Anchored by Target, Costco and Gordmans, the Levee District features a mix of retail, restaurant, office and lodging space, including Holiday Inn and Suites, Fondulac District Library and Clock Tower Place—home of the East Peoria Chamber of Commerce, Hometown Community Banks and Heinold Banwart—as well as a variety of restaurants.

For the past few years, Cullinan’s corporate headquarters has been housed temporarily in Independence Square off War Memorial Drive in Peoria, but Luft explains the business has outgrown that space. She adds that the move was not about being located in East Peoria versus Peoria. Rather, when Gary Matthews, local developer and owner of GEM Terrace, announced his semi-retirement, the company recognized it as an opportunity to move to a larger space in conjunction with their prior agreement to relocate to East Peoria. “Our objective is to stay centrally located,” Luft says, “and … the move just made sense.”

Aside from its Peoria-area headquarters, Cullinan Properties has offices in Chicago and St. Louis and has developed properties across the country, from St. Charles, Missouri to Atlanta, Georgia. Luft says area residents can look forward to continued developments in the Levee District and at Grand Prairie, where the company has played a key role in reshaping north Peoria.


Something to Bark About

Man’s best friend may soon be his best training partner, too. Set for release in early 2015, MyFitDog is the first collaborative, two-piece exercise measurement product for dog and dog owner—the owner wears one device, the dog wears the other on its collar, and their collective activity is tracked.

Because people tend to do what they measure, explains Phil Lockwood, MyFitDog president and chief operating officer, the device offers extra motivation to get physically active. “Any kind of lifestyle or wellness change program is best achieved when there is joint accountability,” he adds, noting a correlation between obese dog owners and their dogs. According to the Association for Pet Obesity Prevention, more than half of dogs in the U.S. are overweight or obese.

Lockwood explains that financial and technological forces have made now an opportune time to develop and launch such a product. “With the explosion of wearable technologies, we’re hoping we can capture some of that growth,” he says. Initially funded in part through a Kickstarter campaign, MyFitDog met its $30,000 goal by promoting the collaborative health benefits of the wearable technology. With its imminent launch, Lockwood says fundraising will expand into more traditional routes, such as angel investor groups.

A free MyFitDog iPhone app is available from the Apple Store, while development of an Android app is underway. Rather than overwhelming users with features immediately upon purchase, Lockwood says they will essentially earn additional features through their activity: the more active one is, the more features that can be accessed. MyFitDog will launch in a “small and targeted fashion” with a pair of devices costing $99. The company plans to explore a variety of sales channels, including direct online sales and placement in specialty retail stores. Peoria’s Running Central will be the first retailer in the world to carry the product; the company is also exploring relationships with veterinarians and high-end pet retailers.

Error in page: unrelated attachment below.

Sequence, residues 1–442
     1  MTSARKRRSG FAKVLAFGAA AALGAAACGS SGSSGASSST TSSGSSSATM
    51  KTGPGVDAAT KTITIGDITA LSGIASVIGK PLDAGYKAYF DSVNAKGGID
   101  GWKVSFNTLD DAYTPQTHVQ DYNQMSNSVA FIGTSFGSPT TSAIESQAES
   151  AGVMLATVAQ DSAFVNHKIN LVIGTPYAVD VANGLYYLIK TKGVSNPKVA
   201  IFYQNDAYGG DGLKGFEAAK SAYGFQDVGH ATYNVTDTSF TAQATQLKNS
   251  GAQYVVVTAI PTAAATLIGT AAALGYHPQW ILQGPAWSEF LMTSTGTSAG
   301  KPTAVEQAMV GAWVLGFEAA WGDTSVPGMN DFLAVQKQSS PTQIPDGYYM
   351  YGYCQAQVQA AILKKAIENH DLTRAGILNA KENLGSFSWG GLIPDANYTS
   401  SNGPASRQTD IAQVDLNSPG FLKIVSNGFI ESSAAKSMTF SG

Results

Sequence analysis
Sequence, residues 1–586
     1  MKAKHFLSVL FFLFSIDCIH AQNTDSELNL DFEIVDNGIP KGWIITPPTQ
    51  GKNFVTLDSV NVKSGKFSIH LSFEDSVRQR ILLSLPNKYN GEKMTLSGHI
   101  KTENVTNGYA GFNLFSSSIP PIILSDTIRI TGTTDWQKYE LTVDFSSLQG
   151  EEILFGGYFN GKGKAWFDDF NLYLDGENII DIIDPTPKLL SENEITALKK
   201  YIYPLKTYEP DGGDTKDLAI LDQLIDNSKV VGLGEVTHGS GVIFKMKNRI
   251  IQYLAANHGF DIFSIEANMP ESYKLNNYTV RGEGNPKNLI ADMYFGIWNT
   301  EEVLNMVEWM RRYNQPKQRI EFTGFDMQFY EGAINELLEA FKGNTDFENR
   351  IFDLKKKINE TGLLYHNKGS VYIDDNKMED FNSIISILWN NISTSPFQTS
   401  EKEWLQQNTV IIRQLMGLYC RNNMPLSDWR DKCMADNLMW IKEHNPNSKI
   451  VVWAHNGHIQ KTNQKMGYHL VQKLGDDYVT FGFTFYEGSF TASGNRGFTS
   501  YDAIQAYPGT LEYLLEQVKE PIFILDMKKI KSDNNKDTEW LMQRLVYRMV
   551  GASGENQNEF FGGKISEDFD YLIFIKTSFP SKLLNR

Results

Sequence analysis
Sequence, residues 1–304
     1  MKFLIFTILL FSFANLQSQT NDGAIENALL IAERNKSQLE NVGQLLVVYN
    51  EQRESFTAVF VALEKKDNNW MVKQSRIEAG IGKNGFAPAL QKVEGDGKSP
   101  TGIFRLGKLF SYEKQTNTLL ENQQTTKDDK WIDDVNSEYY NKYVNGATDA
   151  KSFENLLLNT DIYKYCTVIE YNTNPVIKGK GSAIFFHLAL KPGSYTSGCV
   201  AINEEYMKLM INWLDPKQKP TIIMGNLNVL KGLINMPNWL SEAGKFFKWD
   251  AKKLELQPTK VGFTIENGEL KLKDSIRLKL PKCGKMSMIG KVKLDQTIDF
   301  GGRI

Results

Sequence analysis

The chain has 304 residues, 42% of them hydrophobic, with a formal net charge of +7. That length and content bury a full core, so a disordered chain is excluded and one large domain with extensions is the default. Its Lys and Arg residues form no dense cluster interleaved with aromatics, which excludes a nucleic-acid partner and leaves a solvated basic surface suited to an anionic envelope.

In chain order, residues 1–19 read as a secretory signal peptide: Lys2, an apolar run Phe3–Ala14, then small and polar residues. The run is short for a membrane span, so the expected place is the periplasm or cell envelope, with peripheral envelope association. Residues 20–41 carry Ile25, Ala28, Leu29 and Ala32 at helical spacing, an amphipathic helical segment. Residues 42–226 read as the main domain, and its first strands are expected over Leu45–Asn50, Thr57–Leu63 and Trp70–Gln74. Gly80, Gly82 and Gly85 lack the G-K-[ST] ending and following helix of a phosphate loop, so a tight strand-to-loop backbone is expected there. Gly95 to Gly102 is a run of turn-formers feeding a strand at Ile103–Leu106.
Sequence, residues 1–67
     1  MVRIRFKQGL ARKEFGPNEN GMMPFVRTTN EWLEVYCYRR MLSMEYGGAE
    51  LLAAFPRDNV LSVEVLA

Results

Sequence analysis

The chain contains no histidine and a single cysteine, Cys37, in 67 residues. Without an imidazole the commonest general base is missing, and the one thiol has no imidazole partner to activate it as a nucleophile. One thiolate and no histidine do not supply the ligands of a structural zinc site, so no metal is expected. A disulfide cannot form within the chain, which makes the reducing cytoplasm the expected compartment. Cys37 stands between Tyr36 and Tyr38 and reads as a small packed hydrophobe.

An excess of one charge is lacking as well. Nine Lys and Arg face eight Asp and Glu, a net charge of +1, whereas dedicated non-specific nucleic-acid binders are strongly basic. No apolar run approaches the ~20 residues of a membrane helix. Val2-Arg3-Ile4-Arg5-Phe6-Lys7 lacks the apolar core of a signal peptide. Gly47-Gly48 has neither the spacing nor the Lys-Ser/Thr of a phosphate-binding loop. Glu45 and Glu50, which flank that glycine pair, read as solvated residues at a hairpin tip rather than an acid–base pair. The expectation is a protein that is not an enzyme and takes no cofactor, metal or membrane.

In the future, the company aims to create a complete portfolio of products to address the canine fitness market, from a weight-sensored dogbowl integrated with the activity-tracking device to an everyday-use electrocardiogram for dogs. “We see a unique opportunity to target both people and dogs,” says Lockwood, “working to get them moving together.”

For more information, visit myfitdog.com.

  


Evolving Childcare Roles

“Daddy Daycare” is becoming a reality for more American families, with fathers spending nearly five more hours per week on childcare and housework than they did in 1965, according to a White House Council of Economic Advisors report. In addition, fathers increasingly believe that employer-provided, paid paternity leave is important, according to a study from the Boston College Center for Work and Family. Among millennial men, 93 percent indicated that paid paternal leave was important. A Pew report shows that stay-at-home dads now number more than two million, and 37 percent of married women with children are the primary breadwinners in their households.

Cities Attract Millennials
A recent edition of Census Explorer reports that the Provo-Orem, Utah, MSA has the highest share of Americans under 35; it’s also the most religious metro area in the United States. Those wanting to live in an area with a large percentage of young college graduates should move to Boston. Looking for love? Springfield, Massachusetts has the highest share of young single people among top MSAs, with Buffalo, New York ranking second. Those searching for jobs should head to the Midwest, which boasts six of the top 10 cities in which young people are most likely to have jobs: Des Moines, Omaha, Madison, Minneapolis, Kansas City and Milwaukee. Visit census.socialexplorer.com to explore the data yourself.

Neighborly Connections
Harness the power of social media to connect with your neighbors! Nextdoor, a social networking site based on neighborhoods, allows neighbors to connect on everything from crime and lost pets to babysitting recommendations, local events and much more. Since its 2011 launch, the California-based company has grown to include more than 43,000 neighborhoods, including many within the City of Peoria. Create an account at nextdoor.com to see if your neighborhood has been mapped yet. iBi